Technical support scams are a lucrative way for cyber criminals to trick unsuspecting users into forking over money and personal information. They use that information to access banking and credit card numbers and often install malware on your computer in order to do it. Malware, or malicious software, infects computers with viruses, giving scammers access to all types of sensitive information your computer stores.
Technical support phone scammers prey on fear. Casual computer owners are often told their computers are infected with malware and other viruses, leaving them vulnerable to attacks. When in fact, that's exactly what fake computer support scammers have as their goal. Claiming to be from well known software manufacturers, they try to convince you they are legitimate. They're fast talking, using jargon many don't understand, or don't want to admit they know nothing about. Pressure is applied quickly, spinning fear of the unknown into means of gaining trust.
Using the phone is a very effective tool for tech support scammers. Tech scams use public information such as phone listings to find their prey. Scammers also use scareware tactics. Pop-up ads claiming to rid users of infections or optimizing computer speed are also fake tech support favorites. Guiding users to legitimate looking, but fake, websites is one way of gaining credit card and password information. Paying anywhere from $100 to $500 to "clean" computers of viruses is common. At that point your credit card information is given up to them, and the scammers are off to the races.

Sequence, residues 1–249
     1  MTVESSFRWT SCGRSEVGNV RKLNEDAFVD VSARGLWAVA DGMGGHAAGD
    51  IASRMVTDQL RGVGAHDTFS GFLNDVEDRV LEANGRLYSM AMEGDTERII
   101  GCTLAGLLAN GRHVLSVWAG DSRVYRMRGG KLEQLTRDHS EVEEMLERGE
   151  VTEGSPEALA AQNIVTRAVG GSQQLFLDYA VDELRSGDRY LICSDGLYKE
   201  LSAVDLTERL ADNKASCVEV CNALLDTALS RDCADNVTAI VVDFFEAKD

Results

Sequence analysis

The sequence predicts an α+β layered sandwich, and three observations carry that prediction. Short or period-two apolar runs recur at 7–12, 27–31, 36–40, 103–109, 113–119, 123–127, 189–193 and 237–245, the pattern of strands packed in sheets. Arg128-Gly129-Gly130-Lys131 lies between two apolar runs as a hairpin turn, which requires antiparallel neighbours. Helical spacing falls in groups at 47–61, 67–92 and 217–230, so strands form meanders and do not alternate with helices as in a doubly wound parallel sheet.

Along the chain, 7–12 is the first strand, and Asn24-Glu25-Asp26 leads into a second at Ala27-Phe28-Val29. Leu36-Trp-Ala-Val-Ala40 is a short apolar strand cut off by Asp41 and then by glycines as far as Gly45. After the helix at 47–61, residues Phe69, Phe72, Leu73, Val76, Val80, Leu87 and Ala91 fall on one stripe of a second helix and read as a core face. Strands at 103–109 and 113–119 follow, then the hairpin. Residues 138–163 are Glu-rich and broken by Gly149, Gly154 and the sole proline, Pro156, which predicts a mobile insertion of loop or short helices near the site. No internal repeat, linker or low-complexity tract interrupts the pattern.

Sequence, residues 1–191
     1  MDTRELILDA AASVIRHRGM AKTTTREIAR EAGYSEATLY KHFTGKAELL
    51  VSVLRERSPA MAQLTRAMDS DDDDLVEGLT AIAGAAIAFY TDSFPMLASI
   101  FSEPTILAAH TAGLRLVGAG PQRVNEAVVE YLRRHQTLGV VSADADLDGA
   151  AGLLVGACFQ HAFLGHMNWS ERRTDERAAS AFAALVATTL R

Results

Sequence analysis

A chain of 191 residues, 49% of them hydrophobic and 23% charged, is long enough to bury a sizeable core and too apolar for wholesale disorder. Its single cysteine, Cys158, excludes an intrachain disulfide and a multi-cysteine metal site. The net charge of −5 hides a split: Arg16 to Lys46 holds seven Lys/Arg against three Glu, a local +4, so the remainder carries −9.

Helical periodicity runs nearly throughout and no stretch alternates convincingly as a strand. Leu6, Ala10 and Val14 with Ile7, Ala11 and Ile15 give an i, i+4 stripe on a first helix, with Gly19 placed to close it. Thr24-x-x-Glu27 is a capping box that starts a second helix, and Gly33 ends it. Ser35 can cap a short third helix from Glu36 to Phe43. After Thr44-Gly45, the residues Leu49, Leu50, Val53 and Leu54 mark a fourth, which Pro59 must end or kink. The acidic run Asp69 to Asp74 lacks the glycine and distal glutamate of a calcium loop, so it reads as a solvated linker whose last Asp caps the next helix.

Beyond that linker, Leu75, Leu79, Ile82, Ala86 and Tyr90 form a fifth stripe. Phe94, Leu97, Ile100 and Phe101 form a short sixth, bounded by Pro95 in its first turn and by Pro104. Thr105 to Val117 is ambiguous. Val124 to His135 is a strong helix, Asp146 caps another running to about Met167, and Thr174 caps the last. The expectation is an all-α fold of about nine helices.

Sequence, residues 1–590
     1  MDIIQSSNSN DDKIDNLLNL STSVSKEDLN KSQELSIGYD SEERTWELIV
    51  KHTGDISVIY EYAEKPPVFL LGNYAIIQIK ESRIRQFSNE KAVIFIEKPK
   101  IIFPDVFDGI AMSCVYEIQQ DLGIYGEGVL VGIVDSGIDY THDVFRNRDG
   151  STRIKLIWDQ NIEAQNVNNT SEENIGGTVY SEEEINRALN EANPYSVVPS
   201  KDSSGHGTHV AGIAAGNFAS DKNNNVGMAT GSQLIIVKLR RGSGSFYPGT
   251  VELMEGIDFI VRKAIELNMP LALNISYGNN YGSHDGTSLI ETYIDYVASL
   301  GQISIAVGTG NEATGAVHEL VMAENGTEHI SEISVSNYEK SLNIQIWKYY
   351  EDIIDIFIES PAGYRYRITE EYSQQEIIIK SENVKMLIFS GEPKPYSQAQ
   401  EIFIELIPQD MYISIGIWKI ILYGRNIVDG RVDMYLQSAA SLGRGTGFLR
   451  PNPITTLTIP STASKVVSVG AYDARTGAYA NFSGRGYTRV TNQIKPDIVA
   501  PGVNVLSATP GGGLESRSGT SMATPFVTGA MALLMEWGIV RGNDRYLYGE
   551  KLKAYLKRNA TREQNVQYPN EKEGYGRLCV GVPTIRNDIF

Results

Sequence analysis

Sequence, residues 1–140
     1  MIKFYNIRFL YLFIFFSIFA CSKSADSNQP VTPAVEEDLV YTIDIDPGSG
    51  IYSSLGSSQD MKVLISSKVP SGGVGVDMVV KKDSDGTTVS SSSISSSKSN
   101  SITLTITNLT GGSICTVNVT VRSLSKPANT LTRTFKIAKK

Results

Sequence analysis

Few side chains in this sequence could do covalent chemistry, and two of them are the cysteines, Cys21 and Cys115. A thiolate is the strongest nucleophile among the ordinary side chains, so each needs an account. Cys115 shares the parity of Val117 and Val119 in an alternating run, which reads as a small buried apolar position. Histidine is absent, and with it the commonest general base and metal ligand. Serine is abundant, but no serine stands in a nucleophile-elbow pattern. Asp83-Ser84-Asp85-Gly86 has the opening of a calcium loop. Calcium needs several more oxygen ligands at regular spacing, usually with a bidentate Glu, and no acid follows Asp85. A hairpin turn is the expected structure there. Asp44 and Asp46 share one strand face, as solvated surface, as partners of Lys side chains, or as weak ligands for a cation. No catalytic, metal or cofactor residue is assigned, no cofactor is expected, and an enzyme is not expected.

What can unsuspecting users do to guard themselves from slick tech support scammers? It's a combination of healthy skepticism and quick thinking. It's important for computer users to know that legitimate software companies don't make calls to people telling them that their computers are infected, or need optimizing for speed. In fact, they wouldn't even know unless you told them. Legitimate companies also don't use fear or urgency as their primary motivation. No one should ask for passwords or credit card numbers over the phone or online to provide support. Private information should remain just that, private.
Never give anyone access to your computer via remote connection in order to provide tech support. Even if they do make changes that don't immediately cause issues, they could leave your computer open to an exploit later. And if they try to convince you to buy a "warranty" or extended support plan, don't do it. It's really just another way to get your payment card details.
If you do really need technical support, go directly to a company's website for telephone contact information.